We’re getting closer to finally having fully automated cars that are capable of handling our daily commute without much input from us. While the idea is exciting, many are already asking some interesting questions. One such question is what happens if the police pull you over while you’re in an automatous car?
Theoretically, if you’re pulled over for a moving violation while you’re letting an automatous car handle the commute, you shouldn’t be responsible. Right?
Law enforcement agencies are already aware that they could have problems once automatous cars hit the streets. They also know that it’s likely that the issue will come up sooner rather than later which is why they’ve already started discussing the potential issues surrounding these smart vehicles and how to deal with moving violations and accidents.
The issue has brought some of the finest minds together. Members of the state and the federal government have met with bright law enforcement agents, scientists, and automotive manufactures. During their meetings, they’ve discussed issues like what will happen if the smart vehicle’s computer system is hacked, who is responsible when accidents happen, and how to handle ticketing drivers who are responsible for automaton vehicles.
If the technology is approved and you are lucky enough to own a vehicle that’s capable of handling our commute, it’s likely that the vehicle’s capabilities will play a role in whether or not you’re ticketed. If you shut off specific safety features, programmed the car to speed, or did something else that resulted in your violating a moving violation, you’ll likely receive a ticket.
No one really knows what will happen if a programmed car is pulled over for a moving violation that is determined to be the fault of the computer rather than the human driver.
What To Do If You Are Pulled Over
There’s nothing fun about getting pulled over. It doesn’t matter if you’ve done something serious, like running a red light and causing an accident or it’s a minor deal, like the police pulling you over to alert you to a burned-out taillight. The moment you see the lights flashing in your rear view mirror, you start worrying about what you’ve done wrong and how serious the consequences will be.
What You Shouldn’t Do When You’re Pulled Over
What you should do when you’re pulled over isn’t nearly as important as knowing what you shouldn’t do.
The instinct to step on the gas and go into evasive driving mode as soon as you see the red and blue lights flashing in your rear view mirror is perfectly natural. It’s an instinct you need to squash. Even if you’re lucky enough to evade the car that’s currently trying to pull you over, the officers will radio for help and someone will find you.
The only thing trying to run will accomplish is making the situation worse. In addition to whatever you were originally being pulled over for, you’ll also face leading a police chase and possibly resisting arrest charges.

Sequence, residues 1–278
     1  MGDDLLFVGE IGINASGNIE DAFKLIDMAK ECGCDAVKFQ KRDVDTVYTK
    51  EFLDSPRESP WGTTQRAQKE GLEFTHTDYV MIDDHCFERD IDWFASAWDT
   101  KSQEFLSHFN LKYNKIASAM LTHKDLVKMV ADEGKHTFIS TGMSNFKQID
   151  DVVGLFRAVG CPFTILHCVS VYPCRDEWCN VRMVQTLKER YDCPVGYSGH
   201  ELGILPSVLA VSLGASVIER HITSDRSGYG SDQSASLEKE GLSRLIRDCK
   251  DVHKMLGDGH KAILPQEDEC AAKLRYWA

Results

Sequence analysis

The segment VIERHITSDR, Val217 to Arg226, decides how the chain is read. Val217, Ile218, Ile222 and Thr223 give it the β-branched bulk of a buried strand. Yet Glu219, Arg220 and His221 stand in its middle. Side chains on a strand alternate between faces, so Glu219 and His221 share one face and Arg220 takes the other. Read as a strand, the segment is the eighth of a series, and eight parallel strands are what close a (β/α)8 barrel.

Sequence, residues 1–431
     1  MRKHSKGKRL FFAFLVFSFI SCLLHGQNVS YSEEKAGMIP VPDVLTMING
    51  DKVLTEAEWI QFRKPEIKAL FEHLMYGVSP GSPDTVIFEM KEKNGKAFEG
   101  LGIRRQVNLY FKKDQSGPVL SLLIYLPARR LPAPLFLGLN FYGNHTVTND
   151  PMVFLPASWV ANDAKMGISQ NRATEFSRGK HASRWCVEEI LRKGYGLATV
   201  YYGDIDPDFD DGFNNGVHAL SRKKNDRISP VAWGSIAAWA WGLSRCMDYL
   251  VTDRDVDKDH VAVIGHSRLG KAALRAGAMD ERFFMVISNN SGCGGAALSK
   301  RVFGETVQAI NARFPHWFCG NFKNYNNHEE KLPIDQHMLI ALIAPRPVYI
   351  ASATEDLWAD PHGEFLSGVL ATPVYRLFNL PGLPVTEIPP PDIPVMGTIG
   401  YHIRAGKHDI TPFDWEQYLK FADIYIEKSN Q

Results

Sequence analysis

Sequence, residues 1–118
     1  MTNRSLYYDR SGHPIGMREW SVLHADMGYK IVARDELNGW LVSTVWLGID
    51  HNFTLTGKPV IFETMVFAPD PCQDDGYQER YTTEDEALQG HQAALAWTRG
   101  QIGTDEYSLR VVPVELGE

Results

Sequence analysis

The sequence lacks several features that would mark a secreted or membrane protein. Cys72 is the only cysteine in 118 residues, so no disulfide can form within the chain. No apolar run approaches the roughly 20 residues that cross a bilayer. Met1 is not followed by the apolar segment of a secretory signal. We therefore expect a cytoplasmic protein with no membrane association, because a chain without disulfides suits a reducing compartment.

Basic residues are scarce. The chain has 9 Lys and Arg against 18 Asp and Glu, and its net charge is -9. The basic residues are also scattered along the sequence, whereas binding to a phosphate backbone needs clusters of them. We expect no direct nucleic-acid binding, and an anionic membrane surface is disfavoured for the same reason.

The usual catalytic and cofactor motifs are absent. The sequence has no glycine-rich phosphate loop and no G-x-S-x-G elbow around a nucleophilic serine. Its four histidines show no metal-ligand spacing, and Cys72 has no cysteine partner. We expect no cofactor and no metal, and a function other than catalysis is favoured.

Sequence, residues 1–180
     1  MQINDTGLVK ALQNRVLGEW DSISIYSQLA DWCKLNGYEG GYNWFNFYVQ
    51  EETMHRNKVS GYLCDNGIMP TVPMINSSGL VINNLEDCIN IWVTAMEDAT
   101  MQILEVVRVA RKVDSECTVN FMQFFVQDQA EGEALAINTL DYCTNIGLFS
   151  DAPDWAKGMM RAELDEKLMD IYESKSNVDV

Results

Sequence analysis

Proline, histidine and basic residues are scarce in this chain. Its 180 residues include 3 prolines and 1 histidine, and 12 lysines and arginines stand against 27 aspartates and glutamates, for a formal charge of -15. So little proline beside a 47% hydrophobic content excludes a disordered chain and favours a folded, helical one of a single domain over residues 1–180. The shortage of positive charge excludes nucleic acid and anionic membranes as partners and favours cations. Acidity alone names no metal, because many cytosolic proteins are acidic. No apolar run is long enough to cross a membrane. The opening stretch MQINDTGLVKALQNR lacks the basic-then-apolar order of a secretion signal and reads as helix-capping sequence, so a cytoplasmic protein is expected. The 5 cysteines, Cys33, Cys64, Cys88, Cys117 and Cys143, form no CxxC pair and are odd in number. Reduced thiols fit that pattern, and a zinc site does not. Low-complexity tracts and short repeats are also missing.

Don’t Get Aggressive
Getting aggressive with the police officer who pulled you over won’t do you any good. It creates a tense situation. Not only does getting aggressive with the police officer increase the chances that they’ll issue a ticket rather than simply give a verbal warning, but it’s also likely they’ll get so irritated by your behavior that they find a valid reason to arrest you.
What You Should Do When You’re Pulled Over
When you see the red and blue lights flashing in your rear view mirror, you should start looking for a safe place where you can pull over. The place you choose should be wide enough for your car, well lit, and if possible, dry. Make sure you pull your car well off the road.
Get your license, proof of insurance, and registration out while the officer walks to your car. By the time they reach your window, you should have everything you need and your hands should be visible. Make sure you keep your hands visible at all times.
You don’t have to be cheerful, but you should at least strive to be polite. Answer all of the officer’s questions honestly and in an even tone. The calmer you are, the calmer they’ll be. While staying cool, calm, and collected might not be easy, maintaining your composure increases the likelihood of you getting off with a warning rather than a ticket.
While you’re allowed to accept the ticket with good grace, you shouldn’t admit to doing anything wrong. As long as you don’t agree that you screwed up, you can always choose to fight the ticket and have it dropped from your driving record.
If you’re ticketed, make sure you pay the fine right away. Delaying payment means the California DMV could choose to suspend your driver’s license.